The Federal Reserve’s Conference on Monetary Policy Strategy, Tools and Communication Practices will likely steer clear of comments on current monetary policy and the economic outlook, instead focussing on the Fed’s policymaking framework. Specifically, the conference will try and address concerns that a lower neutral rate has limited the scope for further rate cuts. Goldman Sachs does not expect the Fed to formally commit to a make-up policy shift such as price level targeting. The bank thinks the review will likely confirm the key roles of forward guidance and QE – which the Fed saw as effective during the recovery. “Next time, both would likely be linked to macroeconomic outcomes and deployed in a more forceful and systematic way once the FFR reaches its effective lower bound,” Goldman writes, “some tweaks to QE, such as greater reliance on a maturity extension program, could also emerge from the review.” Goldman Sachs sees the review as contributing to an only limited changes that would add little to the Fed’s toolkit in battling future recessions, which it says would not be a problem if the new tools already in hand are used more aggressively.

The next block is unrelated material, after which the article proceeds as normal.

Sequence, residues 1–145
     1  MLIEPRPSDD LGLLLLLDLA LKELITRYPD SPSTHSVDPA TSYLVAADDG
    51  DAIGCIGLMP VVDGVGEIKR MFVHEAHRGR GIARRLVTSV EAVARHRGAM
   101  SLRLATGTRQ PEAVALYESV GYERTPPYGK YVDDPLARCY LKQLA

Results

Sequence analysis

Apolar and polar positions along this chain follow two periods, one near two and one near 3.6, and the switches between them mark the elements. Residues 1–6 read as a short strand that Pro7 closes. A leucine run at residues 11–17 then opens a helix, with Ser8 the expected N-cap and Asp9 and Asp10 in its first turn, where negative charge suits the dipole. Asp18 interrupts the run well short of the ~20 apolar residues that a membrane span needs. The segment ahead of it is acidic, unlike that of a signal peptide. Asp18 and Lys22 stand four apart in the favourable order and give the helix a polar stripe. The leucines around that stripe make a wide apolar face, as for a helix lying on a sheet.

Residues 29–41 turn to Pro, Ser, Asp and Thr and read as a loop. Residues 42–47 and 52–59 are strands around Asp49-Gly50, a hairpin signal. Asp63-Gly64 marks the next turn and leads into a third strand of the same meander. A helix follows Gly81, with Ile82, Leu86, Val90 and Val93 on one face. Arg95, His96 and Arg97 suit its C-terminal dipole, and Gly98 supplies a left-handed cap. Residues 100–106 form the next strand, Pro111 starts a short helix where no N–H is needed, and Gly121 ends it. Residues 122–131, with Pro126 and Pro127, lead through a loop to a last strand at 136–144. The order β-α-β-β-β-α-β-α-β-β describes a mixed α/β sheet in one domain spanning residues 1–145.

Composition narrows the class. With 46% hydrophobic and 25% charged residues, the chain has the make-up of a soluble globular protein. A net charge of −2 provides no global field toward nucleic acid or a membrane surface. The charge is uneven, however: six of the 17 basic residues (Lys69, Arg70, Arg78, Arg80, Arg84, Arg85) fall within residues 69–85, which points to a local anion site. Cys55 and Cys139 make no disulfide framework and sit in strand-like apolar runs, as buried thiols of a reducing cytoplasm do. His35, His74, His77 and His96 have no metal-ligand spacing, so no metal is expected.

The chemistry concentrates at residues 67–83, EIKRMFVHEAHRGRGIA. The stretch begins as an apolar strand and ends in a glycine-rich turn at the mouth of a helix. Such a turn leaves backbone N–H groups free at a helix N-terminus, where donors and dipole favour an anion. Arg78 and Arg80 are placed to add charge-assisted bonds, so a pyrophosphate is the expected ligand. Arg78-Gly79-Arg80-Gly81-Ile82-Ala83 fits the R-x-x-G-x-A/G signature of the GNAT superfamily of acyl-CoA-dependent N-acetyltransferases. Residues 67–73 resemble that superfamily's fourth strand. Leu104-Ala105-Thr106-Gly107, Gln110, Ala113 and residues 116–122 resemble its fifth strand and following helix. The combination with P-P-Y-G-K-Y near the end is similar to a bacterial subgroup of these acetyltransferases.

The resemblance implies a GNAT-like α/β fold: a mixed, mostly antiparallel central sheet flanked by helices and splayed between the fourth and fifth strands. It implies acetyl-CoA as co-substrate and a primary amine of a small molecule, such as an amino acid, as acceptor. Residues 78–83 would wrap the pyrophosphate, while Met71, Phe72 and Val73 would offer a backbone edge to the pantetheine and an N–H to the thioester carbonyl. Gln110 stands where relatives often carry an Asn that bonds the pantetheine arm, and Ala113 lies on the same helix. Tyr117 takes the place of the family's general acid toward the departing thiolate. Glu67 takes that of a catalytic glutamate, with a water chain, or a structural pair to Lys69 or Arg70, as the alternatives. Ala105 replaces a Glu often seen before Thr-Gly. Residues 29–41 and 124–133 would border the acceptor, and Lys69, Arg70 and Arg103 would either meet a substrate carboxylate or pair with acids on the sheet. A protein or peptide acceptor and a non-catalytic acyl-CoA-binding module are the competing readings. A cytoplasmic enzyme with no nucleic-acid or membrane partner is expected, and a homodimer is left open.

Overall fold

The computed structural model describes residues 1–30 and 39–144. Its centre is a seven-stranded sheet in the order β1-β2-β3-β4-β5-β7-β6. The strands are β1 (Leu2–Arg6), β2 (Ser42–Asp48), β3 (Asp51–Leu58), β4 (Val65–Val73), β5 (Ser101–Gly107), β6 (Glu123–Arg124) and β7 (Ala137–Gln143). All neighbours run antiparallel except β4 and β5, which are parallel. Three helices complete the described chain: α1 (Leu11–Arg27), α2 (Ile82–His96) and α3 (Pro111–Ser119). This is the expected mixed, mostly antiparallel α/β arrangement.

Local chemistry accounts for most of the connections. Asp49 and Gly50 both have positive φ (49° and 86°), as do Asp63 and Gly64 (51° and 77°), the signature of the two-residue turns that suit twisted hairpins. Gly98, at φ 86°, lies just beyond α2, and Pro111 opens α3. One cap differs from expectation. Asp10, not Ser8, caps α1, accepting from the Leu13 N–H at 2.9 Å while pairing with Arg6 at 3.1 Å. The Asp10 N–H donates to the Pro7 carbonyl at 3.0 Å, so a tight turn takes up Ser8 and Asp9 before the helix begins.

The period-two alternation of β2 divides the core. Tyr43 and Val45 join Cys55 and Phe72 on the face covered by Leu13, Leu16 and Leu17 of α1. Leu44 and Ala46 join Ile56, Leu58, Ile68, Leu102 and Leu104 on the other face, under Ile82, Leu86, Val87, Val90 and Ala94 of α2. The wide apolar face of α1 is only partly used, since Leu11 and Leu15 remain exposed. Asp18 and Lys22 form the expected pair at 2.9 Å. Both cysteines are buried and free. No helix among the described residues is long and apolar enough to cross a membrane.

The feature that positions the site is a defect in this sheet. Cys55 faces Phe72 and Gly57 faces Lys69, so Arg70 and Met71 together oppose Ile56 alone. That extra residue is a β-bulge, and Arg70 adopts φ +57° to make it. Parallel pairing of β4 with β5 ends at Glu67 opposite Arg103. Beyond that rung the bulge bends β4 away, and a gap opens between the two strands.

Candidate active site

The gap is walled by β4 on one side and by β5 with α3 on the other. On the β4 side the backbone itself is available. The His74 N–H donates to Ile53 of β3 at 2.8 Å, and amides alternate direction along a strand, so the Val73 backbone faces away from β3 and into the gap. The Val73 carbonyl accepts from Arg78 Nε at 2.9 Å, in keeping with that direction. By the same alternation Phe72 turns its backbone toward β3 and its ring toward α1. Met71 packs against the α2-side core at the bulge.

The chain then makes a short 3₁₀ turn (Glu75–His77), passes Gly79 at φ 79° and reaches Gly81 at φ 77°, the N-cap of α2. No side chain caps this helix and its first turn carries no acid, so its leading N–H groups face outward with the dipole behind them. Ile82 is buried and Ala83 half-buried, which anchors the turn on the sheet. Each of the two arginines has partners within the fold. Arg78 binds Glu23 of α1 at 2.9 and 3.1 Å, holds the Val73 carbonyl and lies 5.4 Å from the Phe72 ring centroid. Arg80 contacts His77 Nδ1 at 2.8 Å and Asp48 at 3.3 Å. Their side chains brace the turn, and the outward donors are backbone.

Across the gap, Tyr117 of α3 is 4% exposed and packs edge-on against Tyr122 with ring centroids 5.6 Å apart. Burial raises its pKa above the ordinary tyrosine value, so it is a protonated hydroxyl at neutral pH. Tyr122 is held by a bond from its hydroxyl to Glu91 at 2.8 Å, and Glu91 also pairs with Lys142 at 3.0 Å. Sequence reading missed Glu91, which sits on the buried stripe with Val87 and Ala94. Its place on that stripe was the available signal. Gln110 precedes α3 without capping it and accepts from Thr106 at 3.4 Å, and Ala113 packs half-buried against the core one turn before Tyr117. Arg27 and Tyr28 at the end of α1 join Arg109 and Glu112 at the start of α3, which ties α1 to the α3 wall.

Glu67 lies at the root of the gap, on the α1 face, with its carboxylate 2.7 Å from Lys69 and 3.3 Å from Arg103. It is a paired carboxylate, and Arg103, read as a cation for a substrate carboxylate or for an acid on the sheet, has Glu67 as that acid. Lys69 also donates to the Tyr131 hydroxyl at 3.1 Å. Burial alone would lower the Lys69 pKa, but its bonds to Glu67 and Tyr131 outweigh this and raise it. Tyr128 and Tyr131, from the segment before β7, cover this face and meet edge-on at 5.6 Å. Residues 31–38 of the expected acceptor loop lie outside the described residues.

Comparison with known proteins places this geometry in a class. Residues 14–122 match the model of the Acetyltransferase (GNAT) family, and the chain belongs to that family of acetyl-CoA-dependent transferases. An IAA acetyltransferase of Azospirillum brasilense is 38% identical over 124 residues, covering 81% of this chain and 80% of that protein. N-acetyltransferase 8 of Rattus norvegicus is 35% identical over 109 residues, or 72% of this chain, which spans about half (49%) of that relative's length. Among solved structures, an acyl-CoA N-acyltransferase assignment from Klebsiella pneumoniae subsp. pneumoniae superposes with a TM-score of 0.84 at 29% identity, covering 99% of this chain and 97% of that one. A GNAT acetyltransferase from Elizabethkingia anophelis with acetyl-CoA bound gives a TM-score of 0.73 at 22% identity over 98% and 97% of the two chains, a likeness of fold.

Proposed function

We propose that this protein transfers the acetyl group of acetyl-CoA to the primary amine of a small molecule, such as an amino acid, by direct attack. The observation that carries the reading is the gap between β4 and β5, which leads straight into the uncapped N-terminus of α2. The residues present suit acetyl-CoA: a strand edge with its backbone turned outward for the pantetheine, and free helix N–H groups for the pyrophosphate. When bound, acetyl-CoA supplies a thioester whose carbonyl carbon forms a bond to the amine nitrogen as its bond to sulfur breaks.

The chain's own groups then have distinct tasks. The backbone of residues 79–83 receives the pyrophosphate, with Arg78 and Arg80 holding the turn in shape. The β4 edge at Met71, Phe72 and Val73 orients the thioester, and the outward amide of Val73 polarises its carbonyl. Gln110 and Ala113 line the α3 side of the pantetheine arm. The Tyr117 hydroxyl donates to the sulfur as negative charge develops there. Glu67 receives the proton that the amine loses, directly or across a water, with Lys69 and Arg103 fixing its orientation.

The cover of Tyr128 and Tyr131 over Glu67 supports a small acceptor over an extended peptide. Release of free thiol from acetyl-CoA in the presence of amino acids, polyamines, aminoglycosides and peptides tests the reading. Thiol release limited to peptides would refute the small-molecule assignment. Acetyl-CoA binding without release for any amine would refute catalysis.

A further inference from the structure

The ECB is expected to stand pat on rates once again with the June meeting coming amongst the backdrop of ongoing concerns around the fragility of the Eurozone economy as the Bank faces an uphill battle to normalise policy. On the data front, the Eurozone economy grew 0.4% in Q1; a development that exceeded expectations at the Bank. However, recent survey data continues to bring into question policymakers’ expectations for a H2 pickup, with the recent inflammation of global trade tensions and looming uncertainty of Brexit presenting further headwinds. Therefore, on balance, despite the slightly more upbeat than anticipated start to the year, Danske Bank looks for the latest staff economic projections to maintain a 2019 growth rate of 1.1% with a slightly more cautious approach thereafter with 2020 and 2021 growth to be lowered to 1.5% (Prev. 1.6%) and 1.4% (Prev. 1.5%) respectively. On the inflation front, Y/Y CPI rose to 1.7% from 1.4% in April with the core metric printing at 1.3% vs. Prev. 0.8%, however, some of the increase was driven by Easter timing effects which may have created some distortion in the data. Nonetheless, Danske Bank suggests that the technical assumptions of higher oil prices and easier financial conditions, should lift the 2019 HICP forecast to 1.5% from 1.2% before a softer growth outlook and energy price base effects drag on 2020 inflation (2020 forecast to be lowered to 1.4% from 1.5% with 2021 exp. unchanged at 1.6%). All-in-all, SGH Macro does not foresee any major shifts in rate guidance on the basis that “Draghi already extended at the last meeting the ECB’s commitment to the current -0.4% negative deposit rate,” and therefore, there is “not much room to expand from there”. Elsewhere, TLTRO3 will also be a key focus for the policy announcement, albeit the amount of specifics to be unveiled this week remains unclear with President Draghi suggesting during the April meeting that at the time, it was too early to discuss details. With this in mind, SGH Macro notes “from what we understand, the objective is to release the outlines of the program now in order to provide some leeway for the full rollout in September”. In terms of a consensus view for the terms of the Bank’s long-term loan programme, a recent newswire survey noted that analysts expect the rate on the two-year loans to be below the Bank’s 0% benchmark rate with a majority looking for a rate of -0.25% or lower; the perception of whether or not the details of the programme are seen as stimulatory or simply bridge financing will determine the market’s response to the unveiling. Finally, the prospect of tiering rates remains another factor for consideration, however, a recent ECB research paper and push back from policymakers such as Coeure, Weidmann and Nowotny has led analysts to believe that the prospect of such a system remains on ice for now.